Chin Meas holds a bachelor's degree in Khmer Literature as well as a degree in Buddhist teaching. During nearly 15 years as a Buddhist monk, he taught fellow monks Buddhist ideals. Since founding the Rural Writers Association, he has donated time to hold free literature classes for students to learn about novels and poetry.
Meas’s contemporary-style poetry has led him to receive the Nou Hach Literary Association award several times: in 2007 for The Inherited House, Raining in the Wrong Place, Rahul Chab Chan (Luna Eclipse); in 2008 for Lettuce, Rooster, Flowers; and in 2009, for The Supporting Actor, The Flowers Outside Vase, The Toothpick, The Walking Cane and The Pocket.
In 2011, Meas’s book Water Drop containing 60 poems was released. Then in October 2016, some of his poems along with the work of four other poets was published in the book “The Shadow” in both Khmer and English.
Works Awaiting a Publisher
Today, Chin Meas keeps on writing. He currently has more than 100 poems ready for publication plus many more in draft form. Moreover, he has written several books on the teaching of the Buddha.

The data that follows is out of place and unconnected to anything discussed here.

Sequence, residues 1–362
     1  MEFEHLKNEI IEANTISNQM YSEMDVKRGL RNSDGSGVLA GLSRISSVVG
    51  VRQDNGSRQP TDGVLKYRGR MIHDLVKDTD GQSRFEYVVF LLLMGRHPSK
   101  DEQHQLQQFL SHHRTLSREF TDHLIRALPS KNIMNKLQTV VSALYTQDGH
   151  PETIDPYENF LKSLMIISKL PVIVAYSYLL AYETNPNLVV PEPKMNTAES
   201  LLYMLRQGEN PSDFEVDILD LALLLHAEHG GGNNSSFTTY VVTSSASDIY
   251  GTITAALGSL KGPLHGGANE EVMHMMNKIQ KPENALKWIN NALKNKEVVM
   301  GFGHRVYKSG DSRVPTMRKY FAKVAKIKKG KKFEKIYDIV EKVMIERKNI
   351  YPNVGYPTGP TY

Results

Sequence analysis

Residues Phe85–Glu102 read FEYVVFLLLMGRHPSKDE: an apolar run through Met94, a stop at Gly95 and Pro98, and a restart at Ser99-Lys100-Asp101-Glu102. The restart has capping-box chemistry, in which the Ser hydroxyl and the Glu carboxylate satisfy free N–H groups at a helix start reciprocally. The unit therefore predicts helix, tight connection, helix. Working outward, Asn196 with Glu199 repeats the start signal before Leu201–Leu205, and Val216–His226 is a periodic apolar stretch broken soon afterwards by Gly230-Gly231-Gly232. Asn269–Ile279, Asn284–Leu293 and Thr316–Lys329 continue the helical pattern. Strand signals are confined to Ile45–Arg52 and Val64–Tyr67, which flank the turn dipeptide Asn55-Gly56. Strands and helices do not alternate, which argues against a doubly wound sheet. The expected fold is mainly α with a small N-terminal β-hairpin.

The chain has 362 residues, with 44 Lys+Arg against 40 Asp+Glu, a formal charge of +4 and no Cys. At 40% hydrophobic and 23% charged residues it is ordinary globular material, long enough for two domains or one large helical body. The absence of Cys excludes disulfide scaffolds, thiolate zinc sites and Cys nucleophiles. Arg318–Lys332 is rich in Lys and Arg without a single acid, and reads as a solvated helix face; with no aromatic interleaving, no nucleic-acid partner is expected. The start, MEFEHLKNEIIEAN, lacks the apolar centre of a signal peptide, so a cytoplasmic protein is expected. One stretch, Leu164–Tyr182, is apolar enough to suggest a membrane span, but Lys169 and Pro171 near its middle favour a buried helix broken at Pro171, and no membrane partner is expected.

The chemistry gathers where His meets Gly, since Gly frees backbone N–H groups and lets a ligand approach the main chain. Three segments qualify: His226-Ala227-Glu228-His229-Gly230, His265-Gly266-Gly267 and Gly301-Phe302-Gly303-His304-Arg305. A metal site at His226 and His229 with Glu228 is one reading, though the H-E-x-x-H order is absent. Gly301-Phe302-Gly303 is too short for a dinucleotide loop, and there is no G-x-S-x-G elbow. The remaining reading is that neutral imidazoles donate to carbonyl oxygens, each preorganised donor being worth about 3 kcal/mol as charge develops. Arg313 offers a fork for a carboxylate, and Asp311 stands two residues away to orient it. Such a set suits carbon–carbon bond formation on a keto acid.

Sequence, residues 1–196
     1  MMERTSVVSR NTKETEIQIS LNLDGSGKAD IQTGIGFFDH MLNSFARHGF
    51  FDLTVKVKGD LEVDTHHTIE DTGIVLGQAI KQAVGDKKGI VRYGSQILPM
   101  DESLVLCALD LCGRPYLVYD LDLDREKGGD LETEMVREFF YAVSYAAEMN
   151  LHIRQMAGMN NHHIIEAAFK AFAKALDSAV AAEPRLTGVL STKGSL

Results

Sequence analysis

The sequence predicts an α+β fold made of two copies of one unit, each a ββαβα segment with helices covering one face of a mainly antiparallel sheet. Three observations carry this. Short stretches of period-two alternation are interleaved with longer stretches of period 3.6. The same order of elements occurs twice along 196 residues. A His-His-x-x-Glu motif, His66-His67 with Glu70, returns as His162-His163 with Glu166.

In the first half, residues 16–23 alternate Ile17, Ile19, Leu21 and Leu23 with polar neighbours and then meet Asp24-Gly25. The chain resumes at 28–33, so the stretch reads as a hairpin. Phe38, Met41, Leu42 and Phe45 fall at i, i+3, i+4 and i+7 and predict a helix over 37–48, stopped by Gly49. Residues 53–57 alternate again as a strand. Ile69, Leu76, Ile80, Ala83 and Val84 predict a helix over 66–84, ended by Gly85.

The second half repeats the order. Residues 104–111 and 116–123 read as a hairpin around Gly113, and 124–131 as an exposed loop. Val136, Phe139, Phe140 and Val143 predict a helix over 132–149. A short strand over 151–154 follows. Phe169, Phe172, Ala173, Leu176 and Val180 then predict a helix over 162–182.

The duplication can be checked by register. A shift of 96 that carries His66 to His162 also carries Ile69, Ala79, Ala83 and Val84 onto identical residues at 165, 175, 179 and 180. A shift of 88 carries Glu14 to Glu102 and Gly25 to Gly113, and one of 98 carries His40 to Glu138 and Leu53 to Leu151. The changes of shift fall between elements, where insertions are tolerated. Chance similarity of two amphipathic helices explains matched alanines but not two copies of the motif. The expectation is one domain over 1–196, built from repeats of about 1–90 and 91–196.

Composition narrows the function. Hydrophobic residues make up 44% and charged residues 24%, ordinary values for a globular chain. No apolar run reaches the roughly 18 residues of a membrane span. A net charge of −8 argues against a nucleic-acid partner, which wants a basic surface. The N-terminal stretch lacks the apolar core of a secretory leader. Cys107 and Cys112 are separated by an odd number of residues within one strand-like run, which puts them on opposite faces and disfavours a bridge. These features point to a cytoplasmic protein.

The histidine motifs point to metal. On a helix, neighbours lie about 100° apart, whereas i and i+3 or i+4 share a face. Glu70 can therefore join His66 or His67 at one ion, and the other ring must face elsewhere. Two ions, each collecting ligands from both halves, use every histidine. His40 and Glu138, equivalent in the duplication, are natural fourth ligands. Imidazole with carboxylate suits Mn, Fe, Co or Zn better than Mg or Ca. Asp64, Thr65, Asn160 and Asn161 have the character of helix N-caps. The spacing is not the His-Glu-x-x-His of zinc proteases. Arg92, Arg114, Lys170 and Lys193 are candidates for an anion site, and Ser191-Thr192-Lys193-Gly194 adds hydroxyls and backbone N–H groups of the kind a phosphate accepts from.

All these works are ready to be published, which Meas does not have the resources to do. “If anyone is interested, I am happy to discuss,” he said with a smile.
Poems by Chin Meas
"Raining in the wrong place"
The entire sky is filled with smoke,
The sun attempts to shine through,
There is no rain anywhere,
The grass and the trees are nearly dead.
Everything is trying to survive without water,
Waiting for a better time,
Hoping for the rain to come,
And make everything better.
But when the rain comes,
It falls somewhere else,
The wind arises,
And blows the rain to the sea.
It is raining all the time on the ocean,
But the field and forest are dying too soon,
The wild wind blows the rain from the land,
Taking it to the sea.
There is never any water for the land,
No rain from the clouds,
The sky keeps silent,
Nothing gets better.
Translated by Teri Shaffer Yamada
To Poet Santhor Mok
After reading your “Ko Tonsaong,”
where you describe wild oxen eating
grass, weeds, and leaves, sharing harmoniously
and drinking from the stream,
I struggle to imagine seeing such a thing.
I feel sadness, for I know that now
the oxen eat all. If you could see,
you would feel such grief.
They eat mountains and forests, minerals and land,
all kinds of fish, pebbles and sand,
marble and rock, lakes and rivers.
Translated by Emily Howe
 Ko Tonsaong means "wild oxen."